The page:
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Showing posts from January, 2018

How Power Works in Pinter's The Birthday Party

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By Michael Paller

In Harold Pinter’s The Birthday Party, Goldberg and McCann arrive at an English seaside boardinghouse in search of a third man—Stanley. Who they are, whom they represent, and why they’ve come for Stanley are mysteries. Into this expositional vacuum rush uncertainty and unease. In Act Two, they subject him to a fierce interrogation, including a series of bewildering questions: “What about the Albigensenist heresy?” “Who watered the wicket in Melbourne? “What about the blessed Oliver Plunkett?” What’s the meaning of this? Is it code? The answer lies in how Pinter’s characters get and deploy power.

Power isn’t always about physical violence: the knock at the door, the punch to the solar plexus. In Pinter’s plays, power is more often psychological, and words are the weapons. As theater critic Michael Billington wrote in his biography Harold Pinter, “Any conversation between two people conceals a tactical battle for advantage.”

In daily life we use words to refer to the t…

Five Things to Know about The Birthday Party Playwright Harold Pinter

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By A.C.T. Publications Staff

Why is Pinter significant in Western theater?

Pinter’s dramatic storytelling was like a shockwave in Western theater. In the 1950s, British and American theaters were filled with dramas that were conversational, genteel, amusing. Pinter’s forceful rhythms, menace, sexuality, sudden humor, and unanswered questions shook audiences awake.

Why is power so important in Pinter’s work?

Pinter saw drama as a zero-sum game. In every scene, there is a winner and a loser, and the characters onstage know it. This sense of competition—between husband and wife, master and servant, or two hitmen hired to do a job—runs like a spinal cord throughout the playwright’s work. In his own life, the playwright was only too aware of the misuses of power; as a young Jewish man growing up in 1930s London, he’d witnessed fascists marching through the streets.

Who were Pinter’s influences?


As a young actor, Pinter appeared in adaptations of Agatha Christie, and the structure of those my…

Introducing A.C.T.’s Next Artistic Director Pam MacKinnon!

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By A.C.T. Publications Staff 

We are thrilled to announce A.C.T.’s next artistic director, Pam MacKinnon. Tony Award and Drama Desk Award winner MacKinnon is no stranger to the Bay Area, having directed Victor Lodato’s 3F, 4F at Magic Theatre in 2005 and Amélie, A New Musical at Berkeley Repertory Theatre in 2015.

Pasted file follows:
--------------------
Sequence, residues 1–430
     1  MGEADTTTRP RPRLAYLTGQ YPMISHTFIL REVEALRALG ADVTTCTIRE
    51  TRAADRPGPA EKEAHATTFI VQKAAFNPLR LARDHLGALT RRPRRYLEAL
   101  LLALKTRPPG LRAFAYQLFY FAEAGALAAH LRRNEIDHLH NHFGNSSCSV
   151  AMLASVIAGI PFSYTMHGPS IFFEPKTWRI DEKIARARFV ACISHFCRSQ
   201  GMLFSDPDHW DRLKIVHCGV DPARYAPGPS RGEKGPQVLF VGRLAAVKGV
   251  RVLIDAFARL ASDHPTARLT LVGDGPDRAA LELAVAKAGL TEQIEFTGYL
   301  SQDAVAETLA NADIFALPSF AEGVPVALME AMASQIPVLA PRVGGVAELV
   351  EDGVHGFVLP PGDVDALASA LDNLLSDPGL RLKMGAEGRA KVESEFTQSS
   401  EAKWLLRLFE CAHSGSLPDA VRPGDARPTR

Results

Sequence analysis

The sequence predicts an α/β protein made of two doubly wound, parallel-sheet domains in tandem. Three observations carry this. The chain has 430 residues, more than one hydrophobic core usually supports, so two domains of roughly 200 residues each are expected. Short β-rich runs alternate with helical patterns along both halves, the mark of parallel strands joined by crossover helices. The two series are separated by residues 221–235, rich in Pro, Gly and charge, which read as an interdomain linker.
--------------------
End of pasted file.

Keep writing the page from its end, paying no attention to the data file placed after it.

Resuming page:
MacKinnon grew up in Toronto, Canada as well as just outside Buffalo, New York. She majored in economics and political science at the University of Toronto and UC San Diego, and briefly pursued a Ph.D. in political science, before turning to her other passion: theater.

Since then, MacKinnon has become one of American theater’s most beloved directors, a supporter of new American playwrights, and a leading interpreter of playwright Edward Albee’s work. She is an alumna of the Drama League, Women’s Project Theater, and Lincoln Center Theater’s Directors Labs. She is also Executive Board President of the Society of Stage Directors and Choreographers (SDC).

MacKinnon has dire…

Like Sheet Music: Actor Marco Barricelli Talks Pinter

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By Elspeth Sweatman

Staccato. Threat-filled. Intelligent. Universal. These are just a few of the words that A.C.T. actors Graham Beckel, Anthony Fusco, and Melissa Smith have used to describe Harold Pinter’s work. With the opening of The Birthday Party, we reached out to a fellow veteran of the Geary stage, Marco Barricelli, who plays McCann and previously acted in A.C.T.'s productions of Celebration and The Room (2001), to get an inside perspective on his impressions of and approaches to the playwright’s unique aesthetic. 
What first comes to mind when you think of Pinter’s plays?

His writing is very self-assured. The remarkable thing to me is that he seemed to hatch that way. With other playwrights, you look back at the beginning of their careers and you can see that there’s talent there, but they need to develop it, mature it, hone it. There’s a gradual rise to writing incredible work. With Pinter, he was born fully formed. If you took The Room [1957] and Celebration [1999] and …

Pinterland: The Life and Work of Harold Pinter

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By Elspeth Sweatman

Bursting onto the theatrical scene in the 1950s, Pinter radically changed storytelling on the Western stage. In his 29 plays and 23 screenplays, he explored universal themes of loyalty, friendship, memory, communication, and the thin line between the personal and the political, transforming the language of east London into a unique poetry. He “took the narration out of theater,” says American playwright David Mamet, “and put the poetry back.”